I did notice something strange on the draw distance though. I was able to use a projectile attack on many generators throughout the game, before they appeared on the screen! Using the impact sounds as my guide, I was able to destroy quite a few generators before having to face the hordes within. On that same note, there was also a slight bit of pop-up present during the game but I'm willing to forgive this based on the fact that there can be so much going on during normal gameplay without any slowdown..
~ GAMEPLAY: *sighs* I hate to say it but this is where this review will turn a bit...ugly.
In Seven Sorrows you have several methods of attack. You are given a projectile button, a basic forward slash, a round slash (covering more of your left and right side) and an uppercut slash. The D-pad gets used for variations of magic attacks and the black button is the ground exploding magic from Gauntlet's past that wipes everything out. Using gold you pick up during the game you can buy combos and special attacks both magic and physical. This makes your character a bit upgradeable and can serve to keep things fresh...well, it could have served...The problem is I didn't need more than the normal button attacks and one special to kill this game.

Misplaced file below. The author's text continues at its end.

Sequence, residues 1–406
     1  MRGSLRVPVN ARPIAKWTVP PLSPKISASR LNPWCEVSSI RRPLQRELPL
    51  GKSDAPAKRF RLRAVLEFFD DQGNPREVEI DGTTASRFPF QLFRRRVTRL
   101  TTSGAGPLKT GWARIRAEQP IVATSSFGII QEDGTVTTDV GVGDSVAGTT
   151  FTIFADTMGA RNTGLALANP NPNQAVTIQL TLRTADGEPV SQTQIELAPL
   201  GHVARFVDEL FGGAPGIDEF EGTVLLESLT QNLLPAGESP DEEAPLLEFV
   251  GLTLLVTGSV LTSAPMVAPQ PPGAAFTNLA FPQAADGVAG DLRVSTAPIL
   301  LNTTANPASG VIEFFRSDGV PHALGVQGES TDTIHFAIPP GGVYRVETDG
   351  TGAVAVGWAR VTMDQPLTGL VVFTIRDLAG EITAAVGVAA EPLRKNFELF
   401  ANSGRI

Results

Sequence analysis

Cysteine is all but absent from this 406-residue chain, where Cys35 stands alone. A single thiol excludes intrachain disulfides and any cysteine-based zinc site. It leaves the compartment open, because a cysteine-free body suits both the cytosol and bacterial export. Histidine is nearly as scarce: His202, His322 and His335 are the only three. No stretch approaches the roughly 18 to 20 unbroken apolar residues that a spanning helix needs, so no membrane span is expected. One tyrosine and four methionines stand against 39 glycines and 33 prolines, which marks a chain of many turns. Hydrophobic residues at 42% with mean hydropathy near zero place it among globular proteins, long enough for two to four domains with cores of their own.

Due to the game style, even if each of the computer controlled baddies were being smart there are so many of them you wouldn't enjoy battling. In fact, I think thats Seven Sorrow's problem! If there were less enemies littered throughout the land this game could have been something great. However, this is a Gauntlet game. So rushing forward to get slapped around by a three button combo of the player's choosing is apparently what the programmers were shooting for.